Author: Russ Lord, Geologist/Geochemist

Extract from National Rock Garden Newsletter No. 22, December 2021

Breccias are central to many ore deposits in Australia and around the world. A breccia is a sedimentary rock formed from angular fragments of pre-existing minerals and rock, generally >2 mm in size, cemented together in a finer-grained matrix. The angular nature of the fragments indicates that they have not been transported very far from their source.

The most widely held interpretation is that ore deposits like Mt Isa and Broken Hill were formed by sediments depositing in grabens, a section of crust that lies between two faults that has lowered relative to the blocks on either side. We see this process happening today at Atlantis II in the Red Sea.

An outcropping mineralised breccia is shown below, up dip from the 1100 copper orebody in Mt Isa.

Geologist Chris Gregory examining a breccia that is the outcrop of the 1100 Cu Orebody at Mt Isa, Queensland. Image courtesy J.R. Lord (1989).

Underground these breccias and fracture zones look like the rocks in the next three pictures.

Chalcopyrite with black, fractured siliceous shale or chert clasts in the 1100 Orebody at Mt Isa. A W.D. Smith specimen. Image courtesy J.R. Lord.
Detail of chalcopyrite in silica-dolomite breccia showing clearly discordant mineralisation. A W.D. Smith specimen. Image courtesy J.R. Lord.
Medium grey carbonaceous chert with fracture fill chalcopyrite and silica (white). A WG Perkins specimen. Image courtesy J.R. Lord.

The cross section through the Mt Isa orebodies is very instructive (see next page). It shows the silica- dolomite breccia is widest adjacent to the Paroo-basement or Greenstone Fault, and it progressively thins away from that fault. Likewise the copper orebodies have best grades close to the fault and they decrease away from it. This is a feature not unique to Mt Isa. Other orebodies that demonstrate the same principle are Polaris (Zn) in Canada, Tsumeb (Cu) in Namibia, Carlin (Au) in Nevada, several deposits in east Tennessee (Zn) and several others in Ireland like Lisheen and Tynagh (Zn-Pb).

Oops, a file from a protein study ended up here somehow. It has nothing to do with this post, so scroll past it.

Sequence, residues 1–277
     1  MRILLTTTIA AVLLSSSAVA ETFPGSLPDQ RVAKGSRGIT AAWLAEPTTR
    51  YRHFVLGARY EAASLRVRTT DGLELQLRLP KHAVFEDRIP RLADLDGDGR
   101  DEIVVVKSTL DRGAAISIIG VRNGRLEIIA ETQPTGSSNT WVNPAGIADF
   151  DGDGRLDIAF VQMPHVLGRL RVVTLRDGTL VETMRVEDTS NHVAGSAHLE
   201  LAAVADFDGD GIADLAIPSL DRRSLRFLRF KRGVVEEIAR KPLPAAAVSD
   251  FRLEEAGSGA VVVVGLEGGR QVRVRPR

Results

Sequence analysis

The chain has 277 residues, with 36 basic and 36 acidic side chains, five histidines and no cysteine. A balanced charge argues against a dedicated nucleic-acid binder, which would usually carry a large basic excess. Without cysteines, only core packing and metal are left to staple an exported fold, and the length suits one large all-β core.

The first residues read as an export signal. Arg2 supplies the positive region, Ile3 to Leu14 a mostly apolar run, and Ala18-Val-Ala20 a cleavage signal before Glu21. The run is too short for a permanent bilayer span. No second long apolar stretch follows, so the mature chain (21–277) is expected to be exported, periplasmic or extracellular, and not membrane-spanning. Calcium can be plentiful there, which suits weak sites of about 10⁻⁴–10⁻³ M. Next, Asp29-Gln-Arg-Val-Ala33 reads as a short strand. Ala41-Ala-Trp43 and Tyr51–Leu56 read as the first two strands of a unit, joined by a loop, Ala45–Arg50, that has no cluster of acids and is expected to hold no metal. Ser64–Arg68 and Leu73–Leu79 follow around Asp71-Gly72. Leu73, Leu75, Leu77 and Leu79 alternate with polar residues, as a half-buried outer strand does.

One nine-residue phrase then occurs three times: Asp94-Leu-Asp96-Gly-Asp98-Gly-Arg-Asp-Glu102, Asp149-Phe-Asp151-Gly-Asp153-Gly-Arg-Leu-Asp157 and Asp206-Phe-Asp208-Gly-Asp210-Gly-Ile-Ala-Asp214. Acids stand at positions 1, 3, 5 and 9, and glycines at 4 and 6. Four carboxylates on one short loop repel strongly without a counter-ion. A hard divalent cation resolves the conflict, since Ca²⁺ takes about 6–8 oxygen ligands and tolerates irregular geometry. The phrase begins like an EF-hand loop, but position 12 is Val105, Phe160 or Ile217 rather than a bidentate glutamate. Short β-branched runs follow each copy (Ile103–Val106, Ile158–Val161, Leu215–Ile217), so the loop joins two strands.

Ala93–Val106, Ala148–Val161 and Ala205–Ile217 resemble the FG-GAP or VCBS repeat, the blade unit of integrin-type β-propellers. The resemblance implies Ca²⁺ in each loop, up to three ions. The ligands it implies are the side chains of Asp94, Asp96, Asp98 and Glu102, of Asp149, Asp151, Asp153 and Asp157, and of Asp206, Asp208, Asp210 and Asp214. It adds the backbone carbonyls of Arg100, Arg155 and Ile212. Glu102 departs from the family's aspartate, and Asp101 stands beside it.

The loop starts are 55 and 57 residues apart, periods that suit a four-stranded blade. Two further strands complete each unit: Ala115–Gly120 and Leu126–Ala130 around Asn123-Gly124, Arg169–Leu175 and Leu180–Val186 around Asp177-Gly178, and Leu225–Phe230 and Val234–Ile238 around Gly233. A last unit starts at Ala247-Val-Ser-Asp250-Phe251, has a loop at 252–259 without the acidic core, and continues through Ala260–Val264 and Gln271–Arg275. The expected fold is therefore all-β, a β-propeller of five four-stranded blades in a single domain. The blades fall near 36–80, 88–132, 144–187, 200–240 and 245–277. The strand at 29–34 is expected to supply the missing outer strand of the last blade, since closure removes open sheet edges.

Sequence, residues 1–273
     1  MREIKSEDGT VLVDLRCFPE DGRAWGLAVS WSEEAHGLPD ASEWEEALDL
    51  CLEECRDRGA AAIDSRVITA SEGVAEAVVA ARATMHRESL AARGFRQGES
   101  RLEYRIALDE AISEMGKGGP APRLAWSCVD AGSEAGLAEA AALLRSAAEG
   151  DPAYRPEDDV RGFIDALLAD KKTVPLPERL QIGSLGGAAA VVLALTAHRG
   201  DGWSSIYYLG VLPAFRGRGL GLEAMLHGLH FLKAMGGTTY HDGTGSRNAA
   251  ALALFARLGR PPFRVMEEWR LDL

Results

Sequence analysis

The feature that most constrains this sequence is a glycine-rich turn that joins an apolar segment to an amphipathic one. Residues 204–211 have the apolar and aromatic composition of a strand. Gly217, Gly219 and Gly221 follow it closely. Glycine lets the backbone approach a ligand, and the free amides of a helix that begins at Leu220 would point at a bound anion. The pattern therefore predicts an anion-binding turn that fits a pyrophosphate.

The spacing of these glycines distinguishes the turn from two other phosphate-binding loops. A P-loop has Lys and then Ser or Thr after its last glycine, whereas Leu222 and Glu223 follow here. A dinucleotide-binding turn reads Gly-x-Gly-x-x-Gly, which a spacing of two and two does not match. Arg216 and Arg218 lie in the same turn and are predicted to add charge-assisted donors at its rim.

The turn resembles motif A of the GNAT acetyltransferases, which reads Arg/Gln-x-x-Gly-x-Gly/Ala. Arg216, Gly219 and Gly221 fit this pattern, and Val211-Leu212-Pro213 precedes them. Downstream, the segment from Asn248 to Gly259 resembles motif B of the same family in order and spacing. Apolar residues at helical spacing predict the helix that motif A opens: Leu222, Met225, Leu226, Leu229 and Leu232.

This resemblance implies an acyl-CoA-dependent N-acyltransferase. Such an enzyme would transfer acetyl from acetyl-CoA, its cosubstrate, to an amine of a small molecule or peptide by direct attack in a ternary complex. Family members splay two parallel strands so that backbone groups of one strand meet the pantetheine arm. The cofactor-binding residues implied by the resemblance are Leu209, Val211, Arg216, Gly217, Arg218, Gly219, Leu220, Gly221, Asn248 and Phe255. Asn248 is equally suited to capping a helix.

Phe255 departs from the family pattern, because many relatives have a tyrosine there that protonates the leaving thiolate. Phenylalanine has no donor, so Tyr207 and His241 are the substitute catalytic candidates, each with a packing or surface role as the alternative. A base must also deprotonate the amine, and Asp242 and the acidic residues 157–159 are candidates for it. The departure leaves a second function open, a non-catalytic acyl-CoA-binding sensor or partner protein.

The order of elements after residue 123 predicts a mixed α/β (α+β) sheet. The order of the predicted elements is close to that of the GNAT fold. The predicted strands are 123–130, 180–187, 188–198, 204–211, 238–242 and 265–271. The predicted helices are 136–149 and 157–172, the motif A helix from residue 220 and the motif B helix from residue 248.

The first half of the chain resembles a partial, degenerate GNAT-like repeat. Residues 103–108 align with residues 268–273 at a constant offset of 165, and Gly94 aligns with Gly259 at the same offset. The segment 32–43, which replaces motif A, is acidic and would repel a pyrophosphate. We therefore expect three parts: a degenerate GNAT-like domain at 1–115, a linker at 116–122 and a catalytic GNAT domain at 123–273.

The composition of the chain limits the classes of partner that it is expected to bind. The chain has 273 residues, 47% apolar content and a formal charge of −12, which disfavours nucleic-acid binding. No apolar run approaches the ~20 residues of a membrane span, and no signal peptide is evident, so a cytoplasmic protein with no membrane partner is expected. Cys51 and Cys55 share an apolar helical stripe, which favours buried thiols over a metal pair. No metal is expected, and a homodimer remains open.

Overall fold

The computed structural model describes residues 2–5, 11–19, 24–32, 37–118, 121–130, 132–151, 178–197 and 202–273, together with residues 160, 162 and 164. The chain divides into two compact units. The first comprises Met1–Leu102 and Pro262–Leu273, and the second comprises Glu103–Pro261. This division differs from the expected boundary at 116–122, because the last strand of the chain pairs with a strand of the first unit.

Silica-dolomite invasive into Urquhart Shale with shale clasts disoriented from their original west dipping orientation; 400 Orebody, 9 Level. The photo is looking south. Image courtesy W.G. Perkins.
Cross section through the Mt Isa Pb-Zn and Cu orebodies (after WG Perkins, 1998).

When galena and sphalerite are precipitated between two competent shale beds, and subsequent tectonics is applied with some heat, they behave like jam between two slices of bread. That is what has happened in the pictures below where one smaller black shale bed became macerated into this galena matrix breccia. Small black shale beds are broken into pieces, but bigger ones are more competent, and are simply folded.

Galena remobilised between black shale beds and brecciating the thinner ones between them; MICAF 6910N & 2830 RL. Image courtesy W.G. Perkins.
Crenulated Pb-Zn ore with black shale interbeds. FP XRF readings indicate the following composition: Fe (orange) 32.8%, Zn 6.22%, Pb 2.9% and Cu 0.13%. HG Schmidt specimen. Image courtesy J.R. Lord.

Oxidised copper minerals form breccias of a different sort, as illustrated in the breccia specimen below.

Cuprite in breccia from the Black Rock Open Cut at Mt Isa. Image courtesy J.R. Lord.

At Broken Hill, the lead-zinc minerals are generally banded in lenses, but they have been severely folded and highly metamorphosed in areas of complex faulting. In the North Mine, those sedimentary characteristics are destroyed, and breccias are the result. These faulted areas are perhaps analogous to the basement fault in the Mt Isa example.

High grade Pb-Zn in brecciated quartz in the Fitzpatrick orebody at the North Mine, Broken Hill. The rectangles are plates for rock bolts. Image courtesy J.R. Lord.
Breccia from the Fitzpatrick orebody, North Broken Hill Mine, NSW. Image courtesy J.R. Lord.

These two famous deposits at Mt Isa and Broken Hill are outstanding examples of major mineralised breccia zones in areas that were once grabens or spreading centres like the one we see today at Atlantis II in the Red Sea.